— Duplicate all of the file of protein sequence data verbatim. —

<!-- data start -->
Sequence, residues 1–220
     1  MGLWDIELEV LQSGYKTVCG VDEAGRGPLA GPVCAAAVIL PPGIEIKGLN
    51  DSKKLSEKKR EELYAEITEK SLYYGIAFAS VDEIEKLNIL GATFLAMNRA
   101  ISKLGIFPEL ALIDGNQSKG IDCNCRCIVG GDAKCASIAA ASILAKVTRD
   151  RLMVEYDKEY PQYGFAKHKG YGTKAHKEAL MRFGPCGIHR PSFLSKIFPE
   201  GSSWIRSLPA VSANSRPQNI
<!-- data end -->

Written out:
Sequence, residues 1–220
     1  MGLWDIELEV LQSGYKTVCG VDEAGRGPLA GPVCAAAVIL PPGIEIKGLN
    51  DSKKLSEKKR EELYAEITEK SLYYGIAFAS VDEIEKLNIL GATFLAMNRA
   101  ISKLGIFPEL ALIDGNQSKG IDCNCRCIVG GDAKCASIAA ASILAKVTRD
   151  RLMVEYDKEY PQYGFAKHKG YGTKAHKEAL MRFGPCGIHR PSFLSKIFPE
   201  GSSWIRSLPA VSANSRPQNI